SO THERE!  Very Happy

Tonks, they knitted their own!

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Corky Ringspot
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Re: Beer in 5th century Britain

on Fri Dec 30 2016, 19:21
Wigan was good for barley.


Probably because bugger all else would grow. It's a soil thing.
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Hieronymous
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Re: Beer in 5th century Britain

on Fri Dec 30 2016, 19:35
Research tells me that there was a Celtic beer though the ingredients were slightly different then.
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tonker
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Re: Beer in 5th century Britain

on Fri Dec 30 2016, 19:48
I'm sure they made some sort of fermented drink in the years BC, but I doubt it was 'beer' as we know it.
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weatherwax
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Re: Beer in 5th century Britain

on Fri Dec 30 2016, 21:05
The Time Team Crew once made a celtic beer, which was tried by all at the end of the programme. It was declared to be quite good by them all, If different to modern beers. Very Happy
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Hieronymous
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Re: Beer in 5th century Britain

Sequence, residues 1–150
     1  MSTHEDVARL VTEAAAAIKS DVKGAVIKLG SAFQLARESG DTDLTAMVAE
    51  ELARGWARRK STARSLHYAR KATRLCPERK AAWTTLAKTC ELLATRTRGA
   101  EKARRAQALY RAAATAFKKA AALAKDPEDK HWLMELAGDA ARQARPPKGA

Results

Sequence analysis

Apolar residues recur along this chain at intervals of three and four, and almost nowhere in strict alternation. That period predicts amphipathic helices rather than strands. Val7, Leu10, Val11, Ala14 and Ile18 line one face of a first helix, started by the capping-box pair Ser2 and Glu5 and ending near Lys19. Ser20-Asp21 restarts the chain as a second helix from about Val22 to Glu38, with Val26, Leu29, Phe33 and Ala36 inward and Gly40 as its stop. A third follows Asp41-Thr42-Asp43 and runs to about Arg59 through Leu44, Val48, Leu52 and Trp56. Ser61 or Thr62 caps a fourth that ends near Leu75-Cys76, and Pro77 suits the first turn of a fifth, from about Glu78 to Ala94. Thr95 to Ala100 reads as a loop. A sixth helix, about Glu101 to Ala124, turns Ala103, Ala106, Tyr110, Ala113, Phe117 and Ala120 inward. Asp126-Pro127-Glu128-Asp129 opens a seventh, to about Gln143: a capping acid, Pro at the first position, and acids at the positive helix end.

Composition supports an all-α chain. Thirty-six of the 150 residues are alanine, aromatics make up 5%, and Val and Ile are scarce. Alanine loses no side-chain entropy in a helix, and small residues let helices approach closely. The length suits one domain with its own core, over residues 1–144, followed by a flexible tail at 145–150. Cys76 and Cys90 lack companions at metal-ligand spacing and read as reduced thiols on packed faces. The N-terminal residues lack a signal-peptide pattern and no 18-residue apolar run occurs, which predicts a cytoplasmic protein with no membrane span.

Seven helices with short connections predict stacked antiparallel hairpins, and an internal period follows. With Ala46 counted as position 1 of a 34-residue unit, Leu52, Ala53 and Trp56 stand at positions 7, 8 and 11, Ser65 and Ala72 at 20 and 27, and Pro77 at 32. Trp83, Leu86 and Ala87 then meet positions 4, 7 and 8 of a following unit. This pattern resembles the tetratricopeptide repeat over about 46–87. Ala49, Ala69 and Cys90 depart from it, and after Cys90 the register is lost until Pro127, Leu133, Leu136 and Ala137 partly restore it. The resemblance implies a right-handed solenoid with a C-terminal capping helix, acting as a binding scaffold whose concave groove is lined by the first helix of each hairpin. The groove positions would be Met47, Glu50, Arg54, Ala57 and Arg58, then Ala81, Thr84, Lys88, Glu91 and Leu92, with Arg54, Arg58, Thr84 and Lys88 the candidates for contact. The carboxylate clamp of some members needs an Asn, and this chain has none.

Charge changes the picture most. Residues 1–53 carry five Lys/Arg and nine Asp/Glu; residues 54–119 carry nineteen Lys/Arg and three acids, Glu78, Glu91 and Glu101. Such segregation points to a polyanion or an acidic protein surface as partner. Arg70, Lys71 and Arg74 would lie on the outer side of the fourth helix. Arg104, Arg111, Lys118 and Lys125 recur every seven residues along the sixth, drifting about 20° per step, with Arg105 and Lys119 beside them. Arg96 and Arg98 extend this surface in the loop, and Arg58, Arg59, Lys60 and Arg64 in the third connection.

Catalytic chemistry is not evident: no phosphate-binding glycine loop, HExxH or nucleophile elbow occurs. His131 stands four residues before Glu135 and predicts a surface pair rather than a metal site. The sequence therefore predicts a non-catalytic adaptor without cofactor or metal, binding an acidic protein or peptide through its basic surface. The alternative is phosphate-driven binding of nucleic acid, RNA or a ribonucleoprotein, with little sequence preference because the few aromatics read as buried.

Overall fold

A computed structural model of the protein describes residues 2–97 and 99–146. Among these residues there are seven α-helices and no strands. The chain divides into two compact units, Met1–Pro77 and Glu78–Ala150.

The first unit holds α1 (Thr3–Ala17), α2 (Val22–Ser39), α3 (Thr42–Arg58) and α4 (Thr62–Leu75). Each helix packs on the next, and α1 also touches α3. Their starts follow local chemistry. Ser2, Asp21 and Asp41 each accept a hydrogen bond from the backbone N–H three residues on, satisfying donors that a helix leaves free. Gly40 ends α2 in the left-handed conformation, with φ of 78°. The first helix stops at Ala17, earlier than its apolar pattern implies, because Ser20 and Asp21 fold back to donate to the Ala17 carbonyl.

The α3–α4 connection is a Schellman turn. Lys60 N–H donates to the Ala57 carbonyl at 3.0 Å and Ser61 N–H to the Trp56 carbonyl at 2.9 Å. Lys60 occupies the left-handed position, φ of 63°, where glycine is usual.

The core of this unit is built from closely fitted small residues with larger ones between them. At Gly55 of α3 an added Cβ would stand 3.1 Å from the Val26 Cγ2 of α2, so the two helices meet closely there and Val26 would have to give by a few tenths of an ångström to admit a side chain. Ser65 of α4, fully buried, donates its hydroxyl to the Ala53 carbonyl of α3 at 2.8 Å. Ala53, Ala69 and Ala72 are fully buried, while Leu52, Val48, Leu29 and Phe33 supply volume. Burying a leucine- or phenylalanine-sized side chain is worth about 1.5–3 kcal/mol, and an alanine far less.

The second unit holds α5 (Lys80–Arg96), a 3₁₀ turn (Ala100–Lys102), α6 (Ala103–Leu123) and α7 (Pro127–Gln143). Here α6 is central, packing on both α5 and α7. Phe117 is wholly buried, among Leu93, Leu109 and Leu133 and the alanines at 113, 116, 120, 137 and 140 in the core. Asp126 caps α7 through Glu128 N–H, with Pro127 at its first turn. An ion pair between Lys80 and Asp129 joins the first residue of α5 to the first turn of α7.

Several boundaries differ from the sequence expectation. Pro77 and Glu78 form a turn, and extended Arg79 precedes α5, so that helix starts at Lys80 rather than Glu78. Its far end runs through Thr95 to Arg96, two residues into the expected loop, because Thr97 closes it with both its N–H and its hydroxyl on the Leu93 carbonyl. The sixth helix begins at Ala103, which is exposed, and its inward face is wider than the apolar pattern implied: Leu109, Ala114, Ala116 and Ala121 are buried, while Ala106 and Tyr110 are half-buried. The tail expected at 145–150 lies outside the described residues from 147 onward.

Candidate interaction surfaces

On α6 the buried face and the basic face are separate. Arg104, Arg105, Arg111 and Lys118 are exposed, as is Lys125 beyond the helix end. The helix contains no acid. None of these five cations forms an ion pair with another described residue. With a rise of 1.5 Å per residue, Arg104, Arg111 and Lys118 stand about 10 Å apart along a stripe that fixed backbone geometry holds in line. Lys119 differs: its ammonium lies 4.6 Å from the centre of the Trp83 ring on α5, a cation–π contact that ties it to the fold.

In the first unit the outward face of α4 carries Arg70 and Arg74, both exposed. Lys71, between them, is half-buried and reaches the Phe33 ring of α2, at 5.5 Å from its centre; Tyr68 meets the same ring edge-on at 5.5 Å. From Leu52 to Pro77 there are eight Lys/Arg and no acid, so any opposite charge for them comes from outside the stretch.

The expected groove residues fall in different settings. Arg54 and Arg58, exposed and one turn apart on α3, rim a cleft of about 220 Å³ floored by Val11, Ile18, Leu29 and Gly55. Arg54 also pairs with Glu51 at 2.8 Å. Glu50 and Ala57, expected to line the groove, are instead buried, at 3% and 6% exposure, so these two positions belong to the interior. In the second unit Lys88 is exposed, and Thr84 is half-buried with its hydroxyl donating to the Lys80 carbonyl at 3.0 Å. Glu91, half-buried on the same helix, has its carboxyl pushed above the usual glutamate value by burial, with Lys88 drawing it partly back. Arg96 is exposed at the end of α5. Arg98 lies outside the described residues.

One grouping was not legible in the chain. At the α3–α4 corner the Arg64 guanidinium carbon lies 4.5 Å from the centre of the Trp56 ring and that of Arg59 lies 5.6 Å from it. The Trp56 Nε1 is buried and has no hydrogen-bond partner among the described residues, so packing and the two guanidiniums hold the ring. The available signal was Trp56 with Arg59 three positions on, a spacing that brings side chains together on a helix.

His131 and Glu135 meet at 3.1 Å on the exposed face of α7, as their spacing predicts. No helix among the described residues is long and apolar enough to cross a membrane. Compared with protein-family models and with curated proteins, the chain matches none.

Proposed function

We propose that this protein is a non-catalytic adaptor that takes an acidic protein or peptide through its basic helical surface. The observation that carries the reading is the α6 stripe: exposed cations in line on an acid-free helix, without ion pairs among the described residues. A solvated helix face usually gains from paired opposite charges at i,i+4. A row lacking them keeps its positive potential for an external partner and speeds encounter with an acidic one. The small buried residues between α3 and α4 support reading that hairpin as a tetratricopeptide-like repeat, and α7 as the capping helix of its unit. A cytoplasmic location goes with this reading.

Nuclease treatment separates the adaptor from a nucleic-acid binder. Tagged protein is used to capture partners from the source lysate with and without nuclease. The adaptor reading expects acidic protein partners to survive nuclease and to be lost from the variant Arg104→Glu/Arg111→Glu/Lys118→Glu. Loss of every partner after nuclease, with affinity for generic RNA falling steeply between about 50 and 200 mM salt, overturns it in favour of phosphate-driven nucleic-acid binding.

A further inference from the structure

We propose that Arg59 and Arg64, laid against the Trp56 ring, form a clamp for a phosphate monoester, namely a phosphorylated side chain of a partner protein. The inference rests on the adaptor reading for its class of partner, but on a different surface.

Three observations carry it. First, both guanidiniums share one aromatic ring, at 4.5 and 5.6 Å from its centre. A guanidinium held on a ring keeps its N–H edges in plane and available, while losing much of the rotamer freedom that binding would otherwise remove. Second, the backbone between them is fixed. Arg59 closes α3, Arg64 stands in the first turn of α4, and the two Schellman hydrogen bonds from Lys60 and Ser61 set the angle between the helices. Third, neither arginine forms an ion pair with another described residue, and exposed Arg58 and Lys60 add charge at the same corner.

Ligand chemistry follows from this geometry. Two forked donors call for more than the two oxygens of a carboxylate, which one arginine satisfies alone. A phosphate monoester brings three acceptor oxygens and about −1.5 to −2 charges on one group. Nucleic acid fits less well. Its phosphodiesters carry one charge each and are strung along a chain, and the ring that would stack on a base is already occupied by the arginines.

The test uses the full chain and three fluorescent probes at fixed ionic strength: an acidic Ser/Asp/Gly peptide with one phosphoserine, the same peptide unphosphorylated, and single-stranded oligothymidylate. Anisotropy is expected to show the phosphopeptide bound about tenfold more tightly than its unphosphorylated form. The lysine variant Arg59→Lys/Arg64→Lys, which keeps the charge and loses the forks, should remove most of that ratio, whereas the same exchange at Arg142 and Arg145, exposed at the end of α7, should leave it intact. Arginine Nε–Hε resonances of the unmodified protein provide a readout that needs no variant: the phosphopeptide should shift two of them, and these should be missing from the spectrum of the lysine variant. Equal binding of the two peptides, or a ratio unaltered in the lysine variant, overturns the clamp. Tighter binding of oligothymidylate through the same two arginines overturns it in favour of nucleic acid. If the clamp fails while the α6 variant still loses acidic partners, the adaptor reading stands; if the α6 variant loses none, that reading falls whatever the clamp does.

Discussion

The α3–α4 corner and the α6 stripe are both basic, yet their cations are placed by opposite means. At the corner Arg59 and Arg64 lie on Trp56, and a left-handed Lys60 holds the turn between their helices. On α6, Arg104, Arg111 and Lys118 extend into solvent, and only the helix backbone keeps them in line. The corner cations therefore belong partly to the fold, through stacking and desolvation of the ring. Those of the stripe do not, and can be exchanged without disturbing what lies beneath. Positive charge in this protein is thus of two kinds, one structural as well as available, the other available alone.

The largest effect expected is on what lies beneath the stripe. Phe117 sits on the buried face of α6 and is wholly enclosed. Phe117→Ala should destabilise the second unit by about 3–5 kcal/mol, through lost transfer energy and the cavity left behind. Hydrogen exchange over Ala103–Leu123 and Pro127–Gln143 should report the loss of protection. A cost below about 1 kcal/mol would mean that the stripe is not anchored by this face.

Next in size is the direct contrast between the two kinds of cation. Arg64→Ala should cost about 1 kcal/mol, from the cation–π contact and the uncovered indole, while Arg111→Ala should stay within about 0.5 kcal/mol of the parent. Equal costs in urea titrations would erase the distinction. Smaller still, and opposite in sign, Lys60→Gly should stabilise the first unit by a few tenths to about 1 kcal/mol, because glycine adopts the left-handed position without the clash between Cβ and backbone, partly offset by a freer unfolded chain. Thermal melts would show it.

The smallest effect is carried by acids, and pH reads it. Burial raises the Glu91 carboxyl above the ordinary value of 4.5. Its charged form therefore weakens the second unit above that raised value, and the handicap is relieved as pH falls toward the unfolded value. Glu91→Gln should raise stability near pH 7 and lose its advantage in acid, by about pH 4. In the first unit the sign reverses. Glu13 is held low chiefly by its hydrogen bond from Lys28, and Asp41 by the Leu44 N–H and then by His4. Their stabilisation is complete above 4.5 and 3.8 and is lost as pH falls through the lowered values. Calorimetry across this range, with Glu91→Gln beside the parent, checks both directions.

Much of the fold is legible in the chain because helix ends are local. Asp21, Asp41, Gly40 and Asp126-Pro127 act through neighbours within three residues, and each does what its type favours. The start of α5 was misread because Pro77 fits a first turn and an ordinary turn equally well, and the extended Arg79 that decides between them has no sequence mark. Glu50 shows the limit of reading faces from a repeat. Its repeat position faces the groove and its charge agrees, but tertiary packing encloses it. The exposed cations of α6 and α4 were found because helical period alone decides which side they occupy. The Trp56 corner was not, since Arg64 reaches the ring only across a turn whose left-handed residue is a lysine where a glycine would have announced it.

on Fri Dec 30 2016, 21:10
Brewing in Britain was probably well established when the Romans arrived in 54 BC,[1] and certainly continued under them.

"In the 1980s archaeologists found the evidence that Rome's soldiers in Britain sustained themselves on Celtic ale. A series of domestic and military accounts written on wooden tablets were dug up at the Roman fort of Vindolanda, at Chesterholm in modern Northumbria, dating to between AD90 and AD130. They reveal the garrison at Vindolanda buying ceruese, or beer, as the legions doubtless did throughout the rest of Roman Britain, almost certainly from brewers in the local area."

"One list of accounts from Vindolanda mentions Atrectus the brewer (Atrectus ceruesar[ius), the first named brewer in British history, as well as the first known professional brewer in Britain. The accounts also show purchases of bracis or braces, that is, emmer wheat (or malt), doubtless for brewing. Quite possibly the garrison bought the malt, and hired a local brewer to make beer from it for the troops."

"In Roman Britain, brewing, both domestic and retail, must have been widespread: remains indicating the existence of Roman-era malting or brewing operations have been found from Somerset to Northumberland, and South Wales to Colchester. In the third and fourth centuries AD Roman hypocaust technology, for supplying central heating to homes, was adapted in Britain to build permanent corn dryers/maltings, and the remains of these double-floored buildings, with underground flues, are found in Roman towns
as well as on Roman farms."[2]

British brewing is generally thought to have been part of a wider Celtic tradition. Since this was well before the introduction of hops, other flavourings such as honey, meadowsweet and mugwort may have been used

Wiki - Romano Celtic Britain
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Mac
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Re: Beer in 5th century Britain

on Sat Dec 31 2016, 10:38
I think of succotash as a dish made of maize and lima beans boiled together.

Corky thinks of it as a good night out.

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Re: Beer in 5th century Britain

on Tue Jan 03 2017, 17:23
All this talk of beer has made me thirsty
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tonker
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Re: Beer in 5th century Britain

on Tue Jan 03 2017, 19:20
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Re: Beer in 5th century Britain